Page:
This has been an interesting project to work on, especially building a type inference engine, as described here.

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Concealment design pattern in Swift

This article introduces a design pattern that I call Concealment, and demonstrates how to use the pattern in Swift code.


The Concealment pattern enables types to support novel, related functionality without adding nonessential members to their interface.


User-defined types can easily be overused in a codebase, giving more prominence to things than necessary. A common example is having a data model entity be involved with tangentially related concerns; such as validation checks, business rule processing, and display formatting. It is preferable to conceal the augmentation and usage of your types behind an API expressly built for a single responsibility, rather than expose those implementation details to all the types’ consumers.

Swift implementation advice

Create a new type that represents the task to be performed. In the new type’s file, add a private extension for each of your pre-existing types whose participation in the task is being concealed. Pass an instance of the new type into the private extension methods, as a form of context, if necessary.

Swift Tip: private type members can be accessed from anywhere in the same file.


This demo project is available on GitHub. It is an iOS app that converts text to Morse code and plays it out loud, inspired by a programming challenge described here.

The Morse code data model is simple, and I wanted it to stay this way.

The app converts the user’s text input into instances of this abstraction. It must then transform that abstraction into two consumable formats:

  1. A string filled with dots, dashes, and separators so that the user can view the message they typed in as Morse code.
  2. A sequence of on/off states with relative durations so that the Morse code message can be played to the user.

It can be tempting to add methods or properties to the data model types to support such transformations, but doing so would reduce the clarity and simplicity of the data model. Instead, let’s conceal the data model’s participation in these transformation tasks, treating their involvement in the task as a mere implementation detail.

Here is how an EncodedMessage is transformed to a string filled with Morse code dots and dashes.

Similarly, this is how the same EncodedMessage becomes a sequence of on/off states suitable for transmission (a.k.a. playback).

The MorseTransformation<T> struct is responsible for projecting a Morse encoded message into another format. However, as seen below, it merely contains the parameters for a transformation and passes itself to the data model, which does the heavy lifting.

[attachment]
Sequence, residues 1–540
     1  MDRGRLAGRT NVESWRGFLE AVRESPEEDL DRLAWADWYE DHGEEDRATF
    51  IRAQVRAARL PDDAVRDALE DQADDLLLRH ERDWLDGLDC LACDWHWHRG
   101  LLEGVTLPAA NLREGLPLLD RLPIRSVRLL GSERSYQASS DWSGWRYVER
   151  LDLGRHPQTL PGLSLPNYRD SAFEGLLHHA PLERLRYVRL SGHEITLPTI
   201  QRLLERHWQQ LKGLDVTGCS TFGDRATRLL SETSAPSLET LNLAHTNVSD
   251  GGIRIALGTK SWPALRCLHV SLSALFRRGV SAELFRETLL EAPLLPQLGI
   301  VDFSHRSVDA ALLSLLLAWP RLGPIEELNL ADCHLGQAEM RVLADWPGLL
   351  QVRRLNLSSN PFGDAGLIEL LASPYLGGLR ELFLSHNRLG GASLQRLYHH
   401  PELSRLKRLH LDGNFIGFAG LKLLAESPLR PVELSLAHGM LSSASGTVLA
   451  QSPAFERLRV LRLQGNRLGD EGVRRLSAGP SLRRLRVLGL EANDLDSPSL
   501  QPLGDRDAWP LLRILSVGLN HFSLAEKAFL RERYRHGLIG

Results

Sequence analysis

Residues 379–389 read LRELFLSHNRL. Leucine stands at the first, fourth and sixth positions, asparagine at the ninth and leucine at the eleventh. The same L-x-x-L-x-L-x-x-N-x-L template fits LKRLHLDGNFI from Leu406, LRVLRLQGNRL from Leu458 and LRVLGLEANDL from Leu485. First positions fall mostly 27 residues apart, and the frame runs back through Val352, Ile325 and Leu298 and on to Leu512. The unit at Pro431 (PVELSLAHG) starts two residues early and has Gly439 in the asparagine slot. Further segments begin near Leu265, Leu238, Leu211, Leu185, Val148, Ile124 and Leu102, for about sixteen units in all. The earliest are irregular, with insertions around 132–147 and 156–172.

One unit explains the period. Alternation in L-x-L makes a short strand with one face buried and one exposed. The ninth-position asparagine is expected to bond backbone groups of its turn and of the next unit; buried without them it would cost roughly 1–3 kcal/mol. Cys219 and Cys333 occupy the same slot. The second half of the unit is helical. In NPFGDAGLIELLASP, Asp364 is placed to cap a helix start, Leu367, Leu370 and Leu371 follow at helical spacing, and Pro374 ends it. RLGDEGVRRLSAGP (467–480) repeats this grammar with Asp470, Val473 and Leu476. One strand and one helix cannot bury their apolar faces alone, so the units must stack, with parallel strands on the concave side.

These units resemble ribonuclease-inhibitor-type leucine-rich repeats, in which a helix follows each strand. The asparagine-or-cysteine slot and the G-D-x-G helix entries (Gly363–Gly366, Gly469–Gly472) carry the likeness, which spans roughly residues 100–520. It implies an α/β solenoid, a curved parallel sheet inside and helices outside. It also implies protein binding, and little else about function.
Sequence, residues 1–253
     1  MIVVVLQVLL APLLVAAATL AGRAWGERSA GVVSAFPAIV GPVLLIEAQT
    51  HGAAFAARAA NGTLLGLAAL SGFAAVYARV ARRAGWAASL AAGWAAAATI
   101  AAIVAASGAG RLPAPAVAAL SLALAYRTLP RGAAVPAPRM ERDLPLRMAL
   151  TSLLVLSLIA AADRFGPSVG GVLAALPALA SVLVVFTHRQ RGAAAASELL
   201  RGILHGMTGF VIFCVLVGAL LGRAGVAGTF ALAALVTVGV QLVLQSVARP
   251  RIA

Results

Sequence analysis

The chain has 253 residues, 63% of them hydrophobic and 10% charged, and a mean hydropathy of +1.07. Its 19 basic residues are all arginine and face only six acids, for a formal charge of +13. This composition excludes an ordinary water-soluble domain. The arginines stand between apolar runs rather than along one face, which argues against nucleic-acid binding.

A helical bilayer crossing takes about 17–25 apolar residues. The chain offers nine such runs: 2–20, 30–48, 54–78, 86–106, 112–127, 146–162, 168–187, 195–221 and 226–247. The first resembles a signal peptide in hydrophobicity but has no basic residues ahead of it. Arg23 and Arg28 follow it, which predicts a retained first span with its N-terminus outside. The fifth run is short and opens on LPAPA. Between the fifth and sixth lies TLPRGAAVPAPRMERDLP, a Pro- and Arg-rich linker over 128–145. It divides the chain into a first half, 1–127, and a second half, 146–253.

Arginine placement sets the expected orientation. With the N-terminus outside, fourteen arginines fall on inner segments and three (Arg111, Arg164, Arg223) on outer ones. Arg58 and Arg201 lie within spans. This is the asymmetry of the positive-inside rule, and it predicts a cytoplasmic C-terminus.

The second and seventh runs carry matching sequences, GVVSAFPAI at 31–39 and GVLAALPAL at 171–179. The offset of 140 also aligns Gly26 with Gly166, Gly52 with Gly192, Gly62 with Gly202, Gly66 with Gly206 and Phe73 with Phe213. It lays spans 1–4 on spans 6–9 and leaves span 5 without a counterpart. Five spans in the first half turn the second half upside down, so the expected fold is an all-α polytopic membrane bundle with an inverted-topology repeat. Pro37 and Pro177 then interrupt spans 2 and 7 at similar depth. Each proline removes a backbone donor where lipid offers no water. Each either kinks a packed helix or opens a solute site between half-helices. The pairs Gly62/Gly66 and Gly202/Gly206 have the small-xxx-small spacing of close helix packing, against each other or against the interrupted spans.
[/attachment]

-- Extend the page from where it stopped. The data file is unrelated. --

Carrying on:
Since all of the data model extensions are private, the rest of the codebase does not know about or have access to the methods added to support transformations. Usage of the data model to support this novel functionality is an implementation detail.

The Concealment pattern is only applicable in languages that support private type extensions, or something equivalent. Thanks to Swift’s thoughtful design, it is easy for Swift developers to apply this pattern and keep their types simple.

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Analyzing a dependency graph in Swift

I published my solution to Dave Thomas’s Transitive Dependencies programming exercise, known as a kata, to GitHub:

The Challenge

This exercise involves analyzing a graph data structure which contains nodes that “depend on” other nodes. A graph is represented as direct dependencies between nodes:


The objective is to find all of a node’s dependencies, both direct and indirect, like so:


An interesting complication is that a graph might contain cyclical dependencies, where a node indirectly depends upon itself. A proper solution to this problem must be able to cope with a graph like this:


If this programming challenge interests you, stop reading now and solve the puzzle for yourself! Check out the kata for more information.

My Solution

My solution relies on three things:

  1. An instance of Swift’s Set<T> collection keeps track of which nodes have been visited.
  2. The higher-order function reduce accumulates nodes into a Set as they are visited.
  3. Recursion is used to visit dependencies from the reduce method’s combine logic.

Here’s how I solved this little puzzle:


You can download the Xcode project here.

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DRY Fusion data munging kata in Swift

I worked through one of Dave Thomas’s programming exercises, called a kata, and pushed my Swift 2.2 code to GitHub. The code shows how to apply the Don’t Repeat Yourself (DRY) principle to two similar but different data processing programs.


The end result of this exercise is a satisfyingly readable higher-order function, which is similar to a template method but does not require subclassing to supply context-specific logic.

Here is the kata:

And here is my implementation of the kata’s third challenge:

This was a great learning experience!